Adverbials of time

We use adverbials of time to say:

when something happened:

I saw Mary yesterday.
She was born in 1978.
I will see you later.
There was a storm during the night.

• for how long :

We waited all day.
They have lived here since 2004.
We will be on holiday from July 1st until August 3rd.

how often (frequency):

They usually watched television in the evening.
We sometimes went to work by car.

We often use a noun phrase as a time adverbial:

 

yesterday last week/month/year one day/week/month last Saturday
tomorrow next week/month/year the day after tomorrow next Friday
today this week/month/year the day before yesterday the other day/week/month

 

Exercise

Section: 

Comments

Good night!

Could you tell me please, which one of these are the correct one? Is the idea clear?

1. Do you ever think about stop complaining about everything?
2. Have you ever thought of stopping complaining about everything?

Hello Daniel H,

The first sentence is incorrect. The second is correct but I suspect you mean 'consider', which is more usually expressed with 'think about':

Have you ever thought about stopping complaining about everything?

 

Best wishes,

Peter

The LearnEnglish Team

Good afternoon,

Will you please explain why the "during the summer" adverbial was enclosed in the "when" category and not in the "how long" one at the answers of the activity? Aren't "during the summer" and "from June to August" forms equivalent?

Hello Dragos,

Although it indicates a period of time that begins at one point and ends at another, 'during' is typically used to refer to that whole period of time, not to indicate duration. It's a subtle difference. You might want to look up 'during' in the dictionary search box on the right side of this page – the example sentences there could be helpful in seeing exactly how it works.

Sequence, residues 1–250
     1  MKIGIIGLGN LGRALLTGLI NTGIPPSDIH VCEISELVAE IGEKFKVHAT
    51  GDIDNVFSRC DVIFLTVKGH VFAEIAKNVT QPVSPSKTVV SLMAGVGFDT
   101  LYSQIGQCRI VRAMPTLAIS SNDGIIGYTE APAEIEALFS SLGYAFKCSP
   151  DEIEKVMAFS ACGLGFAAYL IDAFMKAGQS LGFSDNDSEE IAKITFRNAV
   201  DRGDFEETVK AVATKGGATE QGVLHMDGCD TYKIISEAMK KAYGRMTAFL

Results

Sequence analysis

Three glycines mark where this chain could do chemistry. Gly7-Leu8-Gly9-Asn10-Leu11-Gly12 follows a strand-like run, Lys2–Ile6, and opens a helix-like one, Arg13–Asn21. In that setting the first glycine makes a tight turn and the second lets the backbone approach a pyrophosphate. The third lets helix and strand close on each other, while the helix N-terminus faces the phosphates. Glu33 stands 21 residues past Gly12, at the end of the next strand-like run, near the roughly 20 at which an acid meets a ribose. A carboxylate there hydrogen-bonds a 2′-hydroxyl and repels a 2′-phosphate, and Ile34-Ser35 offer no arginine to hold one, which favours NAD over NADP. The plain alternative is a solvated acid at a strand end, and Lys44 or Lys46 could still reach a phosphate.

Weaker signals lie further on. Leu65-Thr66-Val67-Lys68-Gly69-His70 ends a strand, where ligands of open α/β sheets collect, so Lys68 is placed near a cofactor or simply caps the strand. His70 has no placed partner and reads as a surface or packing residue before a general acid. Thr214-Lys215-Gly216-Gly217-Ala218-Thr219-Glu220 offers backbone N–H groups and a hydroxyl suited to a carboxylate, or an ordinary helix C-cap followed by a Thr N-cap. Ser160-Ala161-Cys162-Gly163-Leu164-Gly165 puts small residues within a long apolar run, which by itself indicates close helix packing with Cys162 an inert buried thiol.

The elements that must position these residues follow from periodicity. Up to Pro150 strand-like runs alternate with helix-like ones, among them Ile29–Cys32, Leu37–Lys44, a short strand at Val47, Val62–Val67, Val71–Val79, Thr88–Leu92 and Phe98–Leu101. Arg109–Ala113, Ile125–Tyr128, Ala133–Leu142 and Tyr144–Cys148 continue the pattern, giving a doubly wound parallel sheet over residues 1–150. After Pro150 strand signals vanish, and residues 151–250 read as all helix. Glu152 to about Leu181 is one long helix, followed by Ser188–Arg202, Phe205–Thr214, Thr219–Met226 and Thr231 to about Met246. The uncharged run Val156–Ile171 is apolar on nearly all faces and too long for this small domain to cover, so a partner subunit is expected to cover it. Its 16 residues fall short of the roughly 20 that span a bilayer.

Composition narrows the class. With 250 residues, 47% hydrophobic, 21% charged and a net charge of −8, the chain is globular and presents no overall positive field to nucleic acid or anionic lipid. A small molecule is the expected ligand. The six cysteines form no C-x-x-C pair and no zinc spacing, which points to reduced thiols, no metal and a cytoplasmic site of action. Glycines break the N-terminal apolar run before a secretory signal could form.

Best wishes,
Kirk
The LearnEnglish Team

Hi Kirk
I have always been perplexed by the usage of "period of time". The only kinds of periods meant by those who use this phrase are time, so it’s a redundancy. Simply saying “time” or “period” would suffice. Both are time words. My 2 cents :)

Hello .. i can't understand the relation between the word " today " and the phrase "the day before yesterday" ?? how could us talk about this day and then we say ( before yesterday ) ? thanks

Hello Shimaa Yasser,

If today is Wednesday, yesterday is Tuesday and the day before yesterday is Monday. I hope this clears it up for you!

Best wishes,
Kirk
The LearnEnglish Team

Dear Sir,

Which sentence is appropriately correct?

The game started in Newyork at 3.00pm on Sunday 5th of July 1998.
The game started in Newyork on Sunday at 3.00pm 5th of July 1998.
The game started in Newyork in 1998 5th of July on Sunday at 3.00pm.

Hello hrnmno,

The first of these is the most natural. We generally start with the most specific reference (clock time) and then move to progressively more general (day, month and year). This can change if we wish to emphasise a certain point for some reason, but it would be unusual.

Best wishes,

Peter

The LearnEnglish Team

Hello Kirk,
Thank you for your reply. I read the definition for four preposition (in , within, by, and until) in your dictionary. It didn't make me clear. My question, as I mentioned before, is clear .Can we use these four preposition interchangeably? If the answer is no, what is the difference in the meaning? Look at the examples bellow; they are the exact examples of your dictionary.
Can you finish the job in two weeks? If we replace "in" with "within" or "until" and say "Can you finish the job within two weeks?" or "Can you finish the job until two weeks?" Do these three sentences have the same meaning?
Your dictionary says the usage for "in"," MORE THAN- needing or using no more time than a particular amount of time:" and for "within" it says " Inside or not further than an area or period of time , and for until says " up to (the time that)". So the definition seems close to each other. Now please make the point clear ,Are there any differences in usage among these prepositions?

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